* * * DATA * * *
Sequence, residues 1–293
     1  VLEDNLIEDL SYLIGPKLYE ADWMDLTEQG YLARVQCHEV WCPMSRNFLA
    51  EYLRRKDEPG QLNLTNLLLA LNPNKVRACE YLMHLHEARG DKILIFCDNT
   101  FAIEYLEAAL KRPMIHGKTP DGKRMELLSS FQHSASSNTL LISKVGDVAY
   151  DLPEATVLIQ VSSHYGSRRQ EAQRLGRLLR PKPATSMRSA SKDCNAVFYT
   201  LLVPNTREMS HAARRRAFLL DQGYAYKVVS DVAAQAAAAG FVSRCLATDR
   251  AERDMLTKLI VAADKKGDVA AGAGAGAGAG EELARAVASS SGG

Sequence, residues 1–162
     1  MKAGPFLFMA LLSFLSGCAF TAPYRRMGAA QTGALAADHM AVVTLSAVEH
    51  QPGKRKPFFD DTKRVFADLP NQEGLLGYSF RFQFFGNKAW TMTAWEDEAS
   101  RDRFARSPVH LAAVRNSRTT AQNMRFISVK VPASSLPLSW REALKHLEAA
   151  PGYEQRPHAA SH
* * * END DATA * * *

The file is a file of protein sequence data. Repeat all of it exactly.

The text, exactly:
Sequence, residues 1–293
     1  VLEDNLIEDL SYLIGPKLYE ADWMDLTEQG YLARVQCHEV WCPMSRNFLA
    51  EYLRRKDEPG QLNLTNLLLA LNPNKVRACE YLMHLHEARG DKILIFCDNT
   101  FAIEYLEAAL KRPMIHGKTP DGKRMELLSS FQHSASSNTL LISKVGDVAY
   151  DLPEATVLIQ VSSHYGSRRQ EAQRLGRLLR PKPATSMRSA SKDCNAVFYT
   201  LLVPNTREMS HAARRRAFLL DQGYAYKVVS DVAAQAAAAG FVSRCLATDR
   251  AERDMLTKLI VAADKKGDVA AGAGAGAGAG EELARAVASS SGG

Sequence, residues 1–162
     1  MKAGPFLFMA LLSFLSGCAF TAPYRRMGAA QTGALAADHM AVVTLSAVEH
    51  QPGKRKPFFD DTKRVFADLP NQEGLLGYSF RFQFFGNKAW TMTAWEDEAS
   101  RDRFARSPVH LAAVRNSRTT AQNMRFISVK VPASSLPLSW REALKHLEAA
   151  PGYEQRPHAA SH